One reason could be that the supply has shot ahead of the demand. While real estate developers built houses in the hope that the demand for housing is far from satiated, given the fact that the migration of people to towns and cities will take decades to reach the levels of mature economies (around 200,000 people come too Delhi alone every year, which puts a huge stress on its housing infrastructure), buyers have turned cautious, thanks to the well-entrenched economic slowdown. Real estate developers in most cities are sitting on huge piles of inventories, real estate consultancy Jones Lang Lasalle has said. Thus, Mumbai has inventory of 48 months, Bangalore of 25 months and Delhi (the National Capital Region) of 23 months. This is way beyond the comfort levels of 14 to 15 months.
Most developers are yet to drop prices to clear their inventories. But, their brokers are offering bigger-than-ever discounts. Developers usually give a margin of up to 11 per cent to their brokers. In good times, these brokers passed on 3-4 per cent out of that to the buyers. These days, it is not uncommon for buyers to bargain for a discount of up to 8 per cent. Also, as many as 400 projects across the country, including cities like Delhi, Mumbai, Bangalore, Kolkata and Chennai, are offering various schemes and offers to tap the demand. The offers range from free registration and stamp duty to a free gold coin and a Singapore trip, according to information available on property website Magicbricks. A few months ago, there were only about 275 projects across India with various deals and offers on the same portal. The number is likely to go up to 800 if small developers and other unannounced schemes and offers are included. Says Magicbricks Business Head Sudhir Pai: "There is a fair amount of supply in the market, and that's why developers are coming out with various schemes to push transactions."
Most experts feel these offers make it the right time to invest. "The size of the discount is a straight function of how the market is performing," says Anshuman Magazine, chairman and managing director, CBRE South Asia. "It is a good time for people (end users) to explore the market and take informed decisions with a three- to five-year horizon." Adds Harinder Singh, managing director of consultancy firm Realistic Realtors: "The buyers have been in wait-and-watch mode and have delayed their purchase decisions due to various factors. This is the right time for investors to buy property as they can negotiate for the best price in the slow-moving market." Shveta Jain, executive director (residential services), Cushman & Wakefield, says: "There are no price cuts, only price corrections and that too in a few micro-markets. Pent-up demand from first-time home buyers is still there. The whole market is realigning from being an investor-driven one to a user-driven one." Briton Banerjee, managing director, Tata Housing, adds: "We don't see any price corrections happening in the industry."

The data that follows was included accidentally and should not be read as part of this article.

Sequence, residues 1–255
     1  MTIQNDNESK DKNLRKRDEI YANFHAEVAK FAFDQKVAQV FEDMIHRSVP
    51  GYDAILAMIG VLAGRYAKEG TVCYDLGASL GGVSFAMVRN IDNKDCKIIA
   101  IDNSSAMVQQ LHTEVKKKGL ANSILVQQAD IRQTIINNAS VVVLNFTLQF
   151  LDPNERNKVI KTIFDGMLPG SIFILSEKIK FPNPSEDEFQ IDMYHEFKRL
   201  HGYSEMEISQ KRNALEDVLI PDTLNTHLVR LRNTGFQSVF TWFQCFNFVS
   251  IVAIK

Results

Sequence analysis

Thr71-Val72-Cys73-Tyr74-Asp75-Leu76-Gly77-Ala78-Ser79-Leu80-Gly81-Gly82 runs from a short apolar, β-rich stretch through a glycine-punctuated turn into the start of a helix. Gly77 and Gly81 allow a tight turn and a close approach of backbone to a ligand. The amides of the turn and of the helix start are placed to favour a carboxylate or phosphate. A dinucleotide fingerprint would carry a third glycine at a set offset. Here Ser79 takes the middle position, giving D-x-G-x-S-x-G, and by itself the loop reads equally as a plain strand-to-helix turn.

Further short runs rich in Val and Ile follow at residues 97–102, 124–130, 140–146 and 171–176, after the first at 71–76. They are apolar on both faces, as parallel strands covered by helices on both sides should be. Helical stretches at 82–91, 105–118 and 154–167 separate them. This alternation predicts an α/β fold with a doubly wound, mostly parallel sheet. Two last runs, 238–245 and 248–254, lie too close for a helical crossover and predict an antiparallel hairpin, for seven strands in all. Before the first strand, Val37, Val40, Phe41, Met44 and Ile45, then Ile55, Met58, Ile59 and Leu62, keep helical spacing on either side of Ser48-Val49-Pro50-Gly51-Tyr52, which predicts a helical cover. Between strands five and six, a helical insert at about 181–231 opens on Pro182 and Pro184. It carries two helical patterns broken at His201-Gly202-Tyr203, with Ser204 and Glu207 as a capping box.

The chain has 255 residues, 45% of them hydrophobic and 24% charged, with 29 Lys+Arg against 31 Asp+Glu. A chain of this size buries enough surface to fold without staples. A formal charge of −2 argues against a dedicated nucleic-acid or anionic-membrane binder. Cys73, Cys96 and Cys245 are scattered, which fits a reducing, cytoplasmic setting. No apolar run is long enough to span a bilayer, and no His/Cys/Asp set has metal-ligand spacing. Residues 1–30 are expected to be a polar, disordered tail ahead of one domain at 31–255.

The other factor that might slow the market somewhat is the recent crackdown by the Reserve Bank of India (RBI) on the 20-80 scheme, under which buyers were required to pay only 20 per cent upfront, and the equated monthly installments, or EMIs, would start only after two years. During this period, the builder would pay the EMIs to the bank or the housing finance company. Most buyers bought houses in the hope that they would sell before two years. This had given a huge boost to the demand. Now that RBI has ended the scheme, a lot of investors are likely to stay away. This could have an impact on prices in medium to long term. "The ability of the market to cling to current prices is under severe stress," says Ashutosh Limaye, head of research and real estate intelligence service, Jones Lang Lasalle.